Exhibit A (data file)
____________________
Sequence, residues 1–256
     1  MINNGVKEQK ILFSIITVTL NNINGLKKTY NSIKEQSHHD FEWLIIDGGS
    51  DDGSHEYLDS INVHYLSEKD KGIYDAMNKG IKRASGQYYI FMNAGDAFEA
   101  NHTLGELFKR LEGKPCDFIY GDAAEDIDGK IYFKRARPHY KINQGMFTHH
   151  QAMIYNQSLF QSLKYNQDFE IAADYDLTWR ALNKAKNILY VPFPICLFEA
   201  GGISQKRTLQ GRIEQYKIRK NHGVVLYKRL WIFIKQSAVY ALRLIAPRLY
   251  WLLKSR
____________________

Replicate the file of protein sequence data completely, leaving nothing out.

Sequence, residues 1–256
     1  MINNGVKEQK ILFSIITVTL NNINGLKKTY NSIKEQSHHD FEWLIIDGGS
    51  DDGSHEYLDS INVHYLSEKD KGIYDAMNKG IKRASGQYYI FMNAGDAFEA
   101  NHTLGELFKR LEGKPCDFIY GDAAEDIDGK IYFKRARPHY KINQGMFTHH
   151  QAMIYNQSLF QSLKYNQDFE IAADYDLTWR ALNKAKNILY VPFPICLFEA
   201  GGISQKRTLQ GRIEQYKIRK NHGVVLYKRL WIFIKQSAVY ALRLIAPRLY
   251  WLLKSR